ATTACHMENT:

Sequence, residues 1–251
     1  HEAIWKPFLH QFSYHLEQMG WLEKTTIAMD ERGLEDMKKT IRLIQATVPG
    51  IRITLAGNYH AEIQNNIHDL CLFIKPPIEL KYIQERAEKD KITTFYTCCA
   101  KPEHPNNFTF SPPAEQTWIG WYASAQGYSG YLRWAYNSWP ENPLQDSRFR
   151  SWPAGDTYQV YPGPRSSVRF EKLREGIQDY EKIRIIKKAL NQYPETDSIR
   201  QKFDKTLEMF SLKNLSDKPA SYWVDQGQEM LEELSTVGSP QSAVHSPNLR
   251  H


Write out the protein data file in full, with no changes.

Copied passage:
Sequence, residues 1–251
     1  HEAIWKPFLH QFSYHLEQMG WLEKTTIAMD ERGLEDMKKT IRLIQATVPG
    51  IRITLAGNYH AEIQNNIHDL CLFIKPPIEL KYIQERAEKD KITTFYTCCA
   101  KPEHPNNFTF SPPAEQTWIG WYASAQGYSG YLRWAYNSWP ENPLQDSRFR
   151  SWPAGDTYQV YPGPRSSVRF EKLREGIQDY EKIRIIKKAL NQYPETDSIR
   201  QKFDKTLEMF SLKNLSDKPA SYWVDQGQEM LEELSTVGSP QSAVHSPNLR
   251  H